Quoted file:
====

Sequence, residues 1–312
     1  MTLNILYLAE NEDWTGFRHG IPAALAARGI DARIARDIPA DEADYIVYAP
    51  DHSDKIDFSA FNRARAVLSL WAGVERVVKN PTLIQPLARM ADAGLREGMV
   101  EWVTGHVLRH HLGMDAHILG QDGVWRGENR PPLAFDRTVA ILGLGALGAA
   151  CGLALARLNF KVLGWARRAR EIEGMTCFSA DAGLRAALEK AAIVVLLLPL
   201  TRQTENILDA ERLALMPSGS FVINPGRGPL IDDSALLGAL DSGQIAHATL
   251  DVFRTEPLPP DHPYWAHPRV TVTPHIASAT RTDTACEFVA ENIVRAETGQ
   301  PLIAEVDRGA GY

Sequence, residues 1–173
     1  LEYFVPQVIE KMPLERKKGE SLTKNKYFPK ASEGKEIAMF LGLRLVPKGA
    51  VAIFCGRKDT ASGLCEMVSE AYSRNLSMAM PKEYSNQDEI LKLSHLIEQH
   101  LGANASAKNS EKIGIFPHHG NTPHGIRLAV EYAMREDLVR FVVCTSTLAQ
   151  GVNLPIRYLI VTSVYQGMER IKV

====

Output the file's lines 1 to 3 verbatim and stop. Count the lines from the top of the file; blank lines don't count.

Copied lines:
Sequence, residues 1–312
     1  MTLNILYLAE NEDWTGFRHG IPAALAARGI DARIARDIPA DEADYIVYAP
    51  DHSDKIDFSA FNRARAVLSL WAGVERVVKN PTLIQPLARM ADAGLREGMV